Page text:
Dismissing those who want to reform faith schools as 'useful idiots' for a 'secularist conspiracy' misrepresents the facts, feeds absolutism and undermines sensible debate, say Simon Barrow & Jonathan Bartley. It also shows how weak the anti-reform case really is.
The Church of England has at last set out what is means by a "Christian ethos" in schooling, says Jonathan Bartley. Its espoused values are very positive. So now is the time to end discrimination in schools run by the church but funded by the general taxpayer.
The Church of England is planning rapid expansion of publicly-funded schools in its control, but it faces a challenge from parents, teachers, unions, academics, clergy and many others who want to end discrimination in admissions and employment.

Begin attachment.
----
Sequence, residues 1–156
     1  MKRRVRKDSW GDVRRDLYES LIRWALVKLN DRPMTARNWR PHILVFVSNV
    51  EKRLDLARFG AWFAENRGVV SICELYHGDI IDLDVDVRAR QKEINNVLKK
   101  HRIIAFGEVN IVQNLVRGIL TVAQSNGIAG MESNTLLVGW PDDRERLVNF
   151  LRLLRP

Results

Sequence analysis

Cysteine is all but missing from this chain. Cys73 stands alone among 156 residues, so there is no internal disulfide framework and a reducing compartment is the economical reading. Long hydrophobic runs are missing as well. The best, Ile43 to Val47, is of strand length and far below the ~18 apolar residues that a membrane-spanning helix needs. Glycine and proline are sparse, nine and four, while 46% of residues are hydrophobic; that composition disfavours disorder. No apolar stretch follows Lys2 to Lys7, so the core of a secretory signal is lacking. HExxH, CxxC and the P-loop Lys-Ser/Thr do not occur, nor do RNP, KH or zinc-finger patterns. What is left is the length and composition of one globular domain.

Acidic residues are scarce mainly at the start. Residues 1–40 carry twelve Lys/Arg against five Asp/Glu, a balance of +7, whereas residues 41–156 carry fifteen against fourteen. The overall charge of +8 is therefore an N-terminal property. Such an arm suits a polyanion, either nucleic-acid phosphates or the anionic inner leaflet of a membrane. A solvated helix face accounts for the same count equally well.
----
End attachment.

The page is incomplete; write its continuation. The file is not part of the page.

If we are to have publicly funded faith schools, then they must serve the whole community, says Anglican vicar Jeremy Chadd. They mustn’t exist to prop up one community, nor to offer escape routes from a more diverse real world to those who already have all the advantages in life.
The Liberal Democrats have become the first mainstream political party in Britain to admit that many faith schools currently pursue unnecessary discriminatory practices in admissions and employment, and to pledge to challenge them.